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Milpitas, Calif., Police Department Nixes Predictive Policing Contract

About a year after the city authorized a three-year, $37,000 contract with California-based PredPol Inc. for predictive policing software, the department pulled the plug, citing minimal benefit that did not justify continuing costs.

(TNS) — Three years ago, Milpitas Police Department had hopes of employing a new crime-fighting technology that bordered on something one might see in a science fiction movie.

But about a year after the city authorized a three-year, $37,000 contract with California-based PredPol Inc. for so-called predictive policing software — which uses mathematics, social science and probability to geographically pinpoint and ultimately reduce crime — the department pulled the plug on the agreement.

"After approximately one year of usage, it was our experience that the minimal benefit did not justify continuing costs," Milpitas Police Chief Steve Pangelinan said last week.

In 2013, police here were interested in PredPol's Web-based algorithmic software that calculates historic crime trends, demographics and even the weather in order to deploy officers to areas that experience the most crime. At the time, Pangelinan told this newspaper the predictive technology had the ability to locate crime to an area as small as 500 feet by 500 feet.

"In total, it will hopefully reduce crime," Pangelinan previously said.

Fast-forward three years and the police chief found the software less than stellar.

"It was our experience that we often did not have sufficient staff to post officers at PredPol-identified locations and still remain responsive to priority calls for service," Pangelinan said.

He added his police force discovered that within Milpitas' approximately 14 square miles the "existing internal processes of tracking crime and identifying potential areas of exposure were often more accurate than results received from PredPol."

Since ditching PredPol, Pangelinan asserted that Milpitas police are not using similar, crime-predictive technologies in part due to the size of the city.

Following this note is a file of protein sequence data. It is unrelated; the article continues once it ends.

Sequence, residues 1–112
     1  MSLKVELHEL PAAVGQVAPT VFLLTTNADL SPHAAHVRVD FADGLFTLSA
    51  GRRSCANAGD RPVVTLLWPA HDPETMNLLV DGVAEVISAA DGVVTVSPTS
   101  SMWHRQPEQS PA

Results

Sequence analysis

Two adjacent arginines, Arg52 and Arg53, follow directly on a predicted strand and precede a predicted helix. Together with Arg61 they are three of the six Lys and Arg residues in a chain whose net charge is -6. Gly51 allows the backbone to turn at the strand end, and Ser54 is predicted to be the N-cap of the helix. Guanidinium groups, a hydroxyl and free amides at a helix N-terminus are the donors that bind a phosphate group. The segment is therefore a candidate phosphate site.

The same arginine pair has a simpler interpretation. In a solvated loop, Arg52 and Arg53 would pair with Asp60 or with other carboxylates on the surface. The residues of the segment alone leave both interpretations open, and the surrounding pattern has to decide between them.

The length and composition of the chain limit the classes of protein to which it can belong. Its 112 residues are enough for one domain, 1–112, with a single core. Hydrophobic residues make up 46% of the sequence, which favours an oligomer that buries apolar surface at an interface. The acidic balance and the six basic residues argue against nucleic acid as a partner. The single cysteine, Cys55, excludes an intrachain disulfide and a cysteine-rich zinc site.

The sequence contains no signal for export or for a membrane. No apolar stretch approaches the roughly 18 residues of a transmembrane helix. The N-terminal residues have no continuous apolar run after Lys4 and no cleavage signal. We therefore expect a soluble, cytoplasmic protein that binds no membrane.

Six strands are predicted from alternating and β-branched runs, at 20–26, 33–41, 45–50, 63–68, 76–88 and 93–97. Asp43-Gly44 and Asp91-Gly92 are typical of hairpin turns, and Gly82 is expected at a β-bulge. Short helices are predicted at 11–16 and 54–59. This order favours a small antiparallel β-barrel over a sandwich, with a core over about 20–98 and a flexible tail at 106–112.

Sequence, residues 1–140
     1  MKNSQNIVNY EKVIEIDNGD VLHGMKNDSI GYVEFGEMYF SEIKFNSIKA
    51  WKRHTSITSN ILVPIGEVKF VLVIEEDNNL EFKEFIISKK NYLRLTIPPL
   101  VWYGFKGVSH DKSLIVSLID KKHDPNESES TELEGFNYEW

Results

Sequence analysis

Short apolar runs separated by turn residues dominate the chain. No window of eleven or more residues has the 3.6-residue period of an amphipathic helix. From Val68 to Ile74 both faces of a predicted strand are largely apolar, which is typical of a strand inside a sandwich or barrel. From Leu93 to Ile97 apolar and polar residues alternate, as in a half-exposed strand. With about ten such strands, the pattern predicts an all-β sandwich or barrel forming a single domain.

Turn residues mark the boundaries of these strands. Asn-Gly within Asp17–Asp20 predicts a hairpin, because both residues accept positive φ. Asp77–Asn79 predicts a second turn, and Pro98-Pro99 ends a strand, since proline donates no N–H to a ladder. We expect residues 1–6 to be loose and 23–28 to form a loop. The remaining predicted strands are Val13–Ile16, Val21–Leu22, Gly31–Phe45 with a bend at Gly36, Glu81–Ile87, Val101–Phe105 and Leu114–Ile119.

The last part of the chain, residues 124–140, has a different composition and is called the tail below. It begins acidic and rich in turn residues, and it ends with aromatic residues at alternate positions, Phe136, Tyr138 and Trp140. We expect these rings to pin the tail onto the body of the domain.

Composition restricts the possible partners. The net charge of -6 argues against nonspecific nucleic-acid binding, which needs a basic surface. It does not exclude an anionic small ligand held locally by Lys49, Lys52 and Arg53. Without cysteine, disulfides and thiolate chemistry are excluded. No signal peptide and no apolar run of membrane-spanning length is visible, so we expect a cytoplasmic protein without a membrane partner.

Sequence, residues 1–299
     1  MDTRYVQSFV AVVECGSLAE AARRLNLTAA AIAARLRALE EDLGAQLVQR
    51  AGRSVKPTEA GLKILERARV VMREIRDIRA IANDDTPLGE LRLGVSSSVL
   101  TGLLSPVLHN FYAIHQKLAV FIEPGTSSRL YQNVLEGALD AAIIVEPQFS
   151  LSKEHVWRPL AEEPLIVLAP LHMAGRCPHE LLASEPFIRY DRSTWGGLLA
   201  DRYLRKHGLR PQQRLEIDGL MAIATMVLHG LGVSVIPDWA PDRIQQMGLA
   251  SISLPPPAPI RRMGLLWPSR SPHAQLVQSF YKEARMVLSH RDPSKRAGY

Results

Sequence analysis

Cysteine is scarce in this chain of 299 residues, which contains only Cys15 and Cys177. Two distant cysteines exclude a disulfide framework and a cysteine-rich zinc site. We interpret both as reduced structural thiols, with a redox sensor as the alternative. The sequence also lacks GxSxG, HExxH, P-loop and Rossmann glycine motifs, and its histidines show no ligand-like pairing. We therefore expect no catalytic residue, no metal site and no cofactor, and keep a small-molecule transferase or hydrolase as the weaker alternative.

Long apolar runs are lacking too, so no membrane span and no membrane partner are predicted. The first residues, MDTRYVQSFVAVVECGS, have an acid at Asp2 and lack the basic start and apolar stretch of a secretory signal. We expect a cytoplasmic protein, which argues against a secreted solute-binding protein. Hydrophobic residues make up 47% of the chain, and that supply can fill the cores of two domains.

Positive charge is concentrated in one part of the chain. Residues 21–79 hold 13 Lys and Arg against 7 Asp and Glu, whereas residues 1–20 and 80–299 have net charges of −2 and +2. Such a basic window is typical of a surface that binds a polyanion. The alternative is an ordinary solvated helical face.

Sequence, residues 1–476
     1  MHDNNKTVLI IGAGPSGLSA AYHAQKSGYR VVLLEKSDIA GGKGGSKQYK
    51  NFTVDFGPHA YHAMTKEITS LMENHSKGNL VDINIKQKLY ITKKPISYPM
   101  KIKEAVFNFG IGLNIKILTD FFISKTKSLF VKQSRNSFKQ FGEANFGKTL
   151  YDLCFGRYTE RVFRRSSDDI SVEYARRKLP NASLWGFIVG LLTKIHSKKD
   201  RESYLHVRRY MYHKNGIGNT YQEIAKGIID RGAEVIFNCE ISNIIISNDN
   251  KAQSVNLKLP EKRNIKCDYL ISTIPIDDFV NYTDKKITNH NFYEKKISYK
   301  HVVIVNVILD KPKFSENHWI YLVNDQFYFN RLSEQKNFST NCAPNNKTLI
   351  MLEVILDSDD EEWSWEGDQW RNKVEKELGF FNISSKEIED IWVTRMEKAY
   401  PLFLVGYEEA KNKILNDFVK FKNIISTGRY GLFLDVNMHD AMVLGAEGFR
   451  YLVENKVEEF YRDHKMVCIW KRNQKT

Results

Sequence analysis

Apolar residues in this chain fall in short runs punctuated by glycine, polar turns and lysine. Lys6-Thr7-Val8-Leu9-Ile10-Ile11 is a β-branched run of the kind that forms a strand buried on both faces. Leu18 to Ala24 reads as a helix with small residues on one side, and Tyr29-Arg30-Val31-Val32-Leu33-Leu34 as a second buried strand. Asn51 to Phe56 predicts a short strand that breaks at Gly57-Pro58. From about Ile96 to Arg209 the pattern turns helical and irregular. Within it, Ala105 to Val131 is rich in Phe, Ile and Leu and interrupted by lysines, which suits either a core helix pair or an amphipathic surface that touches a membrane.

"I think the PredPol system may have greater benefit to law enforcement organizations policing much larger geographical jurisdictions where greater variables in crime patterns may exist," he said.

When the city's police force had envisioned using PredPol, the technology had come with some fanfare.

That included Time magazine, which called the predictive policing software one of the best inventions of 2011. Similarly, a 2012 Associated Press story on the new technology stated that Los Angeles Police Department was the largest agency to embrace the technology.

PredPol's website states that its tool was developed over the course of six years by a team of mathematicians and social scientists at the University of California, Los Angeles; Santa Clara University; and University of California, Irvine in close collaboration with crime analysts and line-level officers at the Los Angeles and Santa Cruz police departments.

PredPol states that the mission for its software is simple: place officers at the right time and location to give them the best chance of preventing crime.

To accomplish this, PredPol processes crime data in order to: assign probabilities of future crime events to regions of space and time; present estimated crime risk in a usable framework to law enforcement decision makers; and lead to more efficient and more accurate resource deployment by local law enforcement agencies.

Besides Los Angeles police, the Santa Cruz, Modesto and Atlanta police departments have implemented PredPol's software and claim reductions in crime in those cities, the firm's website states.

According to Pangelinan, there was no real cost to the city for using PredPol software. A 2013 Citizen Options for Public Safety (COPS) grant — generally awarded by the state of California to law enforcement agencies each year — helped finance the purchase.

"We utilized state grant funds of $12,500 for the one-year subscription," he said.

Meanwhile, Pangelinan asserted that crime rates, which can be cyclical, rising and falling year over year, in the city of Milpitas has been declining as of late.

He said the Federal Bureau of Investigation's Part 1 serious, violent crimes such as murder, rape, robbery, aggravated assault, auto theft, arson and burglary have all seen decreases in Milpitas in the last year or so.

"In 2013 we realized a 2 percent increase in FBI Part 1 crimes, and in 2014 a 4 percent increase. However, in 2015 crime in these same categories declined by more than 8 percent," Pangelinan said. "Through May of 2016 crime in these same categories are down 13 percent below year-to-date numbers in 2015."

But Pangelinan would not comment as to the reason — whether it's old-fashioned police work or some other factor — why crime here appears to be on the decline.


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